In 1967 Columbia Pictures launched their farcical big-budget adaptation of Ian Fleming's "Casino Royale" with the tagline "Too much for one James Bond".
In the film, the original Sir James Bond (David Niven) has retired, leaving the field open to a number of impersonators who are all issued with the code name 007 by the British Secret Service, MI-6. Among the most prominent young 007's is the athletic ladies' man Cooper, played by Northern Irish actor Terence Cooper (1933-1997).
Almost 30 years after "Casino Royale", correspondent Karen Glahn from Danish daily Morgenavisen Jyllands-Postens tracked down Terence Cooper in Australia. Although the text states Cooper's age as 67, he would have been 62 at the time of the interview. The article was published in Morgenavisen Jyllands-Posten on 21 May 1996, a year before the actor's death in September 1997. The following English translation is a James Bond•O•Rama.dk exclusive:
Terence Cooper – the forgotten Agent 007
By Karen Glahn
James Bond is 67 years old and performs his most dangerous missions on a lady's bicycle.
He is Terence Cooper, who was James Bond in the mostly forgotten 1967 film ”Casino Royale”.
”I'm the James Bond that fell into oblivion. I'm not famous as Sean Connery, George Lazenby, Roger Moore or Timothy Dalton, but I am proud to be among the men who have portrayed Agent 007 through the years”, Terence Cooper says.
He is now a respected nature and bird painter in Northern Australia, and reconciling the large tan middle-aged man who wears a sarong around his ample girth to the physically fit womanizing 007 with a licence to kill requires quite a leap of the imagination.
Prior to the Danish theatrical release of "GoldenEye" in January 1996, Polish-Swedish actress Izabella Scorupco (who played Natalya Simonova in the EON film) was interviewed by Bo Larsen for the syndicated film programme "I biffen".
In the interview, Izabella Scorupco gives her definition of a Bond girl for the 1990's. She talks about her childhood toys and dreams and the lack of gender equality in modern society (still a topical subject today!).
The interview was sourced and edited from a VHS recording off local station TV Fynboen. Except from a brief introduction in Swedish, the segment is in English with Danish subtitles.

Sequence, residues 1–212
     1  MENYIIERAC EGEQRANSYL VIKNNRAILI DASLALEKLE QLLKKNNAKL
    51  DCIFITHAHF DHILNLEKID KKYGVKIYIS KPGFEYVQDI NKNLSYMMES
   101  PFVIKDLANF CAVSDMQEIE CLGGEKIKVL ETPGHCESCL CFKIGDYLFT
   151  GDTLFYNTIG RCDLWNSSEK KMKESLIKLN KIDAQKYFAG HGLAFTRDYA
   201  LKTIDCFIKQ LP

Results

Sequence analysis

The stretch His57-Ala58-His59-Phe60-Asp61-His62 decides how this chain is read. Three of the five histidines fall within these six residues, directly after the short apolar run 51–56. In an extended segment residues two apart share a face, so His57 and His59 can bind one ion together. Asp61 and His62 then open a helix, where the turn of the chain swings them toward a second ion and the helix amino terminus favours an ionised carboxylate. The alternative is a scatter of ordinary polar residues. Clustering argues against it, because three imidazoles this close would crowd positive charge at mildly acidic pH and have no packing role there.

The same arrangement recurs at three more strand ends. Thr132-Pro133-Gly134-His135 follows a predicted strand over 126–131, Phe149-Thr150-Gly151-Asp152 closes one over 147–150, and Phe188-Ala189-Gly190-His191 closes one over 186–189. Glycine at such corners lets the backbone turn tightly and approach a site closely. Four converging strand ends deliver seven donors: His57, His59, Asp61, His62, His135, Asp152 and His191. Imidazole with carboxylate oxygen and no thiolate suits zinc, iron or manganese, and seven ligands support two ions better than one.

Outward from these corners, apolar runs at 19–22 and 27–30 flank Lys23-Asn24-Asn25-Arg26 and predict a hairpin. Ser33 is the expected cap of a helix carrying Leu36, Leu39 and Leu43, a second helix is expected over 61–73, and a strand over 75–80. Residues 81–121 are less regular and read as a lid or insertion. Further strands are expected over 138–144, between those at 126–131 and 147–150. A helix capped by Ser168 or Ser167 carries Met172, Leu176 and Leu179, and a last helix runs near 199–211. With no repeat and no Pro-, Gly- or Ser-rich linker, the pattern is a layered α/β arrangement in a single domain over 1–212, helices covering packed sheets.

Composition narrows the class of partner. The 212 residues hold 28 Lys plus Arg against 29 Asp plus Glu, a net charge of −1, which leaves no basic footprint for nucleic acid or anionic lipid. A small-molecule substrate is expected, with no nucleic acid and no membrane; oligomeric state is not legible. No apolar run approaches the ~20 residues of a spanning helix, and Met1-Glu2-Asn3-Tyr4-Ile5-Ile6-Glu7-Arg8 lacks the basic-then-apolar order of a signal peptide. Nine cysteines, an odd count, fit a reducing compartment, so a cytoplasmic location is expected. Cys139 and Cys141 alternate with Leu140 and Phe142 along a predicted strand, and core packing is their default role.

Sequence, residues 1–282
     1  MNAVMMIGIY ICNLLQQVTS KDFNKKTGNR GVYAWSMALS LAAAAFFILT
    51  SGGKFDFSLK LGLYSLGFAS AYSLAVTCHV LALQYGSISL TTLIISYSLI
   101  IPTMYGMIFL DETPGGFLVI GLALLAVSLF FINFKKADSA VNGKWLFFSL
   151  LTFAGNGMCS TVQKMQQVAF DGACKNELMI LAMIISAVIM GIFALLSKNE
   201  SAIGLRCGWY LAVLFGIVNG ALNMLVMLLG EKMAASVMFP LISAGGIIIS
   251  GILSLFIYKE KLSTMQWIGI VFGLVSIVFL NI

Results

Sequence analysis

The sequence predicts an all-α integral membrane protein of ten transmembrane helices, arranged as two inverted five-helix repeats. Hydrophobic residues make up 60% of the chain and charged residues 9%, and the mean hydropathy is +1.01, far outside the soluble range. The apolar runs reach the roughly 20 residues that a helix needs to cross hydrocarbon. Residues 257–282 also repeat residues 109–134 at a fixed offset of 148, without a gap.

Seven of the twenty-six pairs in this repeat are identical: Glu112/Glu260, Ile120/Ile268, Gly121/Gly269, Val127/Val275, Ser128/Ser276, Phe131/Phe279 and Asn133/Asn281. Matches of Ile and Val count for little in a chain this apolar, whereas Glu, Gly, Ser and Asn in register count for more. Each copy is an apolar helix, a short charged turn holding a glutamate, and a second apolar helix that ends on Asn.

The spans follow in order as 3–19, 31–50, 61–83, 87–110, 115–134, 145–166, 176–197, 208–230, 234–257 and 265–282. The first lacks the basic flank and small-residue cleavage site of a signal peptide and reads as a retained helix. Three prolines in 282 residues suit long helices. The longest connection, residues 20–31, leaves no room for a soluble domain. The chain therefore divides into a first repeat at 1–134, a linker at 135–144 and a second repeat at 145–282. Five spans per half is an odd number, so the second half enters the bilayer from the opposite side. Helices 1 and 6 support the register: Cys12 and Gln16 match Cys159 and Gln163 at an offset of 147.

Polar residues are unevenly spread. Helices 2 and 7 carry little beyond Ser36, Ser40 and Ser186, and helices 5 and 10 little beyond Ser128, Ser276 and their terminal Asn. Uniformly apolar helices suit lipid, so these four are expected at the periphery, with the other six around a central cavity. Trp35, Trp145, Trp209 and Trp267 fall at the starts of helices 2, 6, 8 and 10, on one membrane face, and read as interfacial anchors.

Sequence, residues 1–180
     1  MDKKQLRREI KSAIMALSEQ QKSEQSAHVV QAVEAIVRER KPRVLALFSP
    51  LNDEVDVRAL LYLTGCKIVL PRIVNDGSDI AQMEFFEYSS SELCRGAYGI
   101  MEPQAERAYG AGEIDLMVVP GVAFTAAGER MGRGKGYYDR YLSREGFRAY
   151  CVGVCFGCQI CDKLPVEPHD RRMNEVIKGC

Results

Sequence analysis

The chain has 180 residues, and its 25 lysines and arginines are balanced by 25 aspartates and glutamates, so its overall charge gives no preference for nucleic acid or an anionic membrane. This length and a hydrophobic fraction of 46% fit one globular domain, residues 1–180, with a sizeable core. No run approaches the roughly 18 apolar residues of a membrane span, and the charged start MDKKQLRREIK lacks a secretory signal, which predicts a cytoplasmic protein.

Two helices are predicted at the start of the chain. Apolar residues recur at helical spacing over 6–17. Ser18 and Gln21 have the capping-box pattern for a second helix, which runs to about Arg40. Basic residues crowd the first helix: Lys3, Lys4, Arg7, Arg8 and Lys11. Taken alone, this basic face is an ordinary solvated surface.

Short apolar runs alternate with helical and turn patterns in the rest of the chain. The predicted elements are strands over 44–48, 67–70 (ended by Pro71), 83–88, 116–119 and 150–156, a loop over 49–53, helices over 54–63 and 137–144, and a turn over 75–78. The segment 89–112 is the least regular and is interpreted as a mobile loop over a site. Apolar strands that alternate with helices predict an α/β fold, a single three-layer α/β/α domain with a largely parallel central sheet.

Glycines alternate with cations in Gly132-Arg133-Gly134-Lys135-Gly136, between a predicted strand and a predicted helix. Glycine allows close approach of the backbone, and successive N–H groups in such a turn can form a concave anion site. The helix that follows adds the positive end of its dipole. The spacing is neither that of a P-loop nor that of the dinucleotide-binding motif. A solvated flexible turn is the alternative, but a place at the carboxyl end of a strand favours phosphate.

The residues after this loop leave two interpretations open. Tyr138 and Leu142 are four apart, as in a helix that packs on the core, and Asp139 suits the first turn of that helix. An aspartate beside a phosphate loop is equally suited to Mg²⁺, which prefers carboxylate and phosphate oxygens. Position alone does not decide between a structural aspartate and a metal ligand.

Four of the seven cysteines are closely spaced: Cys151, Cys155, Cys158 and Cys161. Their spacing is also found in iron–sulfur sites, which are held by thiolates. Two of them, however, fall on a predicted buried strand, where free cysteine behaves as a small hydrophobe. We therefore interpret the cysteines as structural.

Did you know that three years before starring as Solitaire in "Live and Let Die" (1973), Jane Seymour made her film debut playing a Jewish ballerina in a Danish WWII drama?
And that the film, "The Only Way" (1970), was edited by none other than Norman Wanstall, the Oscar winning sound editor of "Goldfinger"?
In the following exclusive, Norman Wanstall talks about his little-known contribution to Danish film history as an editor on ”The Only Way” (aka Oktoberdage).
”The Only Way” depicts the historical events of the night between 1 and 2 October 1943 when the Danish people saved several thousand Jews from a raid by the German occupying forces.
In her first speaking part, 19-year-old Jane Seymour plays Lillian Stein, the ballerina daughter of violin dealer Leo (Ebbe Rode) and Ruth Stein (Helle Virkner). When the Nazi security police decide to round up all the Jews in Denmark, the Steins are forced to flee. Luckily, their resourceful downstairs neighbour Mr Petersen (Ove Sprogøe) is a member of the Danish resistance and manages to get the Steins out of Copenhagen and to the coastal town of Gilleleje, where fishing boats carry the evacuated Jews across the Oresund strait to neutral Sweden.
Director Bent Christensen also co-wrote the original script for “The Only Way” with well-regarded Danish author Leif Panduro. Their previous collaboration ”Harry and the butler” (Harry og kammertjeneren, 1961) was nominated for an Academy Award in the category Best Foreign Language Film.
Apart from Jane Seymour and Martin Potter as Lillian's boyfriend, the entire cast of “The Only Way” consisted of Danish actors performing in English. As the story of the Danish resistance operation in 1943 was fairly well-known outside of Denmark, the film's producer, Mogens Skot-Hansen, decided that shooting in Danish would hinder the film's chances internationally. The film was co-produced by Danish company Laterna Film and the American-owned Hemisphere Productions, making the film an official Danish-Panamanian collaboration. Unfortunately, “The Only Way” was not much of a success neither in Denmark (where it was called “Oktoberdage”, ie. October Days) nor abroad.
Norman Wanstall, now aged 81, was sound editor on four of EON Productions' James Bond 007 films from 1962 to 1967. He has long since left the film industry but was happy to share his memories of editing “The Only Way” in this exclusive e-mail interview with James Bond•O•Rama.
Bonus trivia: Since “The Only Way”, two other Danish films have told the story of the resistance operation in 1943: ”A Day in October” (En dag i oktober, Kenneth Madsen, 1991) and ”Across the Waters” (Fuglene over sundet, Nicolo Donato, 2016).